Rows over household bills often seem to dominate the energy debate at the expense of everything else.
Fingers are often pointed at renewable energy subsidies, and this has come to a head again as the Port Talbot steel plant is threatened with closure. A steelworks is naturally going to have a high energy bill, but some commentators have looked to blame 'green taxes' for this.
Merlin Hyman, the Chief Executive of Regen SW, is on a mission to dispel some of the oft-repeated assumptions about the impact of green energy on bills.
He said: “There is a shift towards low carbon business models in the wake of Paris. For some it would be easier if this just went away, and they still make the case that everything to do with green energy is about cost. This has to be rebutted. There is no evidence that a single company has ever left the country because of green energy policy, or that it effects UK competitiveness in a negative way.”
It seems things have not moved on all that much from WWF's 2004 'Cry Wolf' report that exposed corporate scaremongering on the cost of implementing environmental measures.
Looking at Port Talbot alone, Hyman cites the recent news that government energy policy measures are responsible for around one per cent of its costs – and this before a rebate available to energy intensive users.
On the renewable energy subsidy debate, he points out that In 2014, green subsidies were responsible for £45 of the average £1,369 household dual fuel bill.
So what of dirtier alternatives? Well, the UK is the only G7 nation to be increasing fossil fuel subsidies. The North Sea oil industry is predicted to be a £1billion burden on the taxpayer next year thanks to new tax cuts announced in the Budget. Diesel generation has been handed subsidies to the tune of £175million.
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Falling renewable costs can't be ignored
At the same time, renewable projects are getting off the ground at significantly lower cost than nuclear power. In 2014, a negotiated deal saw £92.50/MWh agreed as a guaranteed price for power generated at Hinkley C nuclear power station. Then there's the cost of dealing with nuclear waste, which works out at an average of £86 per household per year for cleaning up the last generation of nuclear plants.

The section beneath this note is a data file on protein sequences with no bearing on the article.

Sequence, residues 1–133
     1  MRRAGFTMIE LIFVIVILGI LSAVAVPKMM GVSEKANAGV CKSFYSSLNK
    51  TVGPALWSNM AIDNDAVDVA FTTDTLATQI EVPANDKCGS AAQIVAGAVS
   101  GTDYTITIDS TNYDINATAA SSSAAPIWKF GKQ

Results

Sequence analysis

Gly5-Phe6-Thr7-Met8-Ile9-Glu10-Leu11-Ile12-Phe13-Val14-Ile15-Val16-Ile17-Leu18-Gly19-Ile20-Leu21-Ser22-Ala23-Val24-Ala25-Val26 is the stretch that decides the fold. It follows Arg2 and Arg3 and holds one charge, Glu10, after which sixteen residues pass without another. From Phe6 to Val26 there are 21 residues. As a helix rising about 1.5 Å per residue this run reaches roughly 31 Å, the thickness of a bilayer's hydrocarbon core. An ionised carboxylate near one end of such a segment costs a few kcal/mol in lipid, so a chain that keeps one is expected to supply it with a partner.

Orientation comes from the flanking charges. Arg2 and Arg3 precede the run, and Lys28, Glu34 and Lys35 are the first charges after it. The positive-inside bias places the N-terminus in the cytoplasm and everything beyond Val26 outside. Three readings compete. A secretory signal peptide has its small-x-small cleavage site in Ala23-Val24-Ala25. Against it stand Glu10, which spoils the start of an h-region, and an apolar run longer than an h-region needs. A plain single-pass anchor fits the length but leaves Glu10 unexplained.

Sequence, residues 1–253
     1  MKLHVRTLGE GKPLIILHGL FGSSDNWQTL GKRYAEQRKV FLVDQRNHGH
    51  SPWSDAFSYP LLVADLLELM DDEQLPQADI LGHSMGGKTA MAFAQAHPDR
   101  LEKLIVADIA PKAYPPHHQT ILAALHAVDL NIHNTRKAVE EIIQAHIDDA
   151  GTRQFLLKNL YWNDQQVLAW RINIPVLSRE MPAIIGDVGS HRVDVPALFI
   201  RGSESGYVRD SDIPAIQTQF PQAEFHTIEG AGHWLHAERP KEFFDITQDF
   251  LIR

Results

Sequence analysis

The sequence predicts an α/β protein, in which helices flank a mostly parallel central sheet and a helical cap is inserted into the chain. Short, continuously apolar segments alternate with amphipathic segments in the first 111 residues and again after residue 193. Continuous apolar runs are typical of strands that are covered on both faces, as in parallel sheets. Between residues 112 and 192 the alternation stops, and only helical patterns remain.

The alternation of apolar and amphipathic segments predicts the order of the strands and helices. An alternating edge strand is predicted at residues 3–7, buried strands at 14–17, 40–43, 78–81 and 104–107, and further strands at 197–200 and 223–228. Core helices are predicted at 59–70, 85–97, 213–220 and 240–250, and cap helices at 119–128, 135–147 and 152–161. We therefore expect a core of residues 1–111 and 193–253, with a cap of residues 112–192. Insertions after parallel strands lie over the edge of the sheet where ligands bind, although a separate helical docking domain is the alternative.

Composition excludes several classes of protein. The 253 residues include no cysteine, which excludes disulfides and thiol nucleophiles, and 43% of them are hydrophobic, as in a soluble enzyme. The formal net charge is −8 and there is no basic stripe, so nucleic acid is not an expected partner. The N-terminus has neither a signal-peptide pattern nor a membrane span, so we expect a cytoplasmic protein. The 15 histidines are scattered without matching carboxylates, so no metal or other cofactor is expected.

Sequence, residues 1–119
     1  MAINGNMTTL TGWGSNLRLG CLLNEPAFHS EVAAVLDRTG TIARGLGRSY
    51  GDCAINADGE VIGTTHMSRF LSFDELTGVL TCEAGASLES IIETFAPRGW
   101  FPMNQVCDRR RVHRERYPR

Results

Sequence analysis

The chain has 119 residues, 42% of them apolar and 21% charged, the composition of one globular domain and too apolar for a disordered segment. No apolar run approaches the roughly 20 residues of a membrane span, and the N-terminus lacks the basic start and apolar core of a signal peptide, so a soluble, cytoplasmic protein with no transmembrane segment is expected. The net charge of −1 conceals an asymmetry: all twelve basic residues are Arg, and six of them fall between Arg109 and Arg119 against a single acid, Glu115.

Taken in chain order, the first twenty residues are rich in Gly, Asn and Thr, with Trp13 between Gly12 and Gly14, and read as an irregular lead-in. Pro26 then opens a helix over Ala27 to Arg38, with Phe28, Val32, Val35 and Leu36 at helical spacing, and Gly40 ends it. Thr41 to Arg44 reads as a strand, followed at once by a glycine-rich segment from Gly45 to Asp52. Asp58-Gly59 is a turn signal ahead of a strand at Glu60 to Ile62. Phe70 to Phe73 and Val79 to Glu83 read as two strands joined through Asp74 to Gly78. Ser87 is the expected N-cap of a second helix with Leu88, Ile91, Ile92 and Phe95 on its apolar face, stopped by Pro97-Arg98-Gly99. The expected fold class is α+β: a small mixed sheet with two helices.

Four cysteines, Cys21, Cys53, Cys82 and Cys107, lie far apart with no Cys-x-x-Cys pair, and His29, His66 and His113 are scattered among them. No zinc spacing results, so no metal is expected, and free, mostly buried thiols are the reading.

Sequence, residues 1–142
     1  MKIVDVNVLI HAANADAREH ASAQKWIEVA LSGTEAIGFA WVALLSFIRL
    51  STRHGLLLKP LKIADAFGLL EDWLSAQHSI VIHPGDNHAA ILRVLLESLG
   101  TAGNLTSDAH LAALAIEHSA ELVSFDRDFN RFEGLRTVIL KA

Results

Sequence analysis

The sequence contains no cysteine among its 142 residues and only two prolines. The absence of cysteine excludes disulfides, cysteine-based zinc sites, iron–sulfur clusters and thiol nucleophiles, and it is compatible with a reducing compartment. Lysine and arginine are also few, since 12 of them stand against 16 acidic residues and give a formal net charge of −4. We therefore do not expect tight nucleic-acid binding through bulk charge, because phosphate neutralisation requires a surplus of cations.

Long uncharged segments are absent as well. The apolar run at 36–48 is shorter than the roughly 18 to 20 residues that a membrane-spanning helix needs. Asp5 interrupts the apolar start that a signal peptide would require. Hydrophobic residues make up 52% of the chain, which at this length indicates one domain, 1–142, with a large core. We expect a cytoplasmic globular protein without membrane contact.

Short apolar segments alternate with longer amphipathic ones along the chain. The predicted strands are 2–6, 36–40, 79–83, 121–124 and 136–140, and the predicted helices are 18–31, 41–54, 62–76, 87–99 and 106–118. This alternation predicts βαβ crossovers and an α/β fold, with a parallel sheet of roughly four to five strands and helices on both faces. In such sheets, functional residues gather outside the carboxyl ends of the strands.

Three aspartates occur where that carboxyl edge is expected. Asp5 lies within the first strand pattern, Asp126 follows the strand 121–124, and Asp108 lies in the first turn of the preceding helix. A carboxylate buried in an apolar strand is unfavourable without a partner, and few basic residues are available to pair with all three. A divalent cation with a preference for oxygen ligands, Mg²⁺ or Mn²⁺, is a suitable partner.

Meanwhile, a competitive auction in 2015 to set the price for wind and solar power schemes saw them come in at £80/MWh. Hyman explained:
“The cost of renewables has fallen still further since then. Most of the claims made by those that blame green energy for hiking energy bills tout the line that renewables are the most expensive form of energy. This is completely out of date – they're now cheapest. Good Energy recently announced plans to build a wind farm with no subsidy at all. It's becoming economically unviable to keep propping up nuclear and fossil fuels.”
So how can those in the green industry wrestle back the narrative, and the initiative?
Hyman said: “First of all, we've got to accept that a transition in our energy system is a big change that affects people. Changes of this magnitude don't happen without public good will. Support for renewables is very high but we are letting the 1% that are strongly opposed drive policy. We need to embrace a new approach to developing renewable energy that enables local communities to have a share and say in this vital infrastructure."
Unsurprisingly, Hyman sees a decentralised energy future, with lots of renewables, making best use of the British weather. He also foresees big roles for interconnections both within the UK and with other countries, energy storage, and much greater demand flexibility. He said:
“The National Infrastructure Commission's recent report shows that it shares this view. We will eventually see the end of big centralised power stations. It's the way to go in terms of cost, carbon and energy security.”
Regen SW analysis showed that £3billion is already invested in renewable energy in the South West alone, with 10,000 employed in the sector. These figures could rise to £10billion and 34,000 by 2020, clearly spelling out the economic possibilities green energy investment can offer both locally and nationally.
Returning to the issue of Port Talbot, Hyman says the story highlights opportunities missed.
“The UK was one of Europe's early leaders in wind turbine manufacturing, but over the years this was squandered and countries like Denmark took a lead. It is the world’s largest market for offshore wind. Wind turbines are largely made out of steel. With the right industrial policies UK offshore wind farms could have been a major market for British steel. Far from a cost, green energy is a huge potential industrial opportunity – if only we have the foresight to take advantage."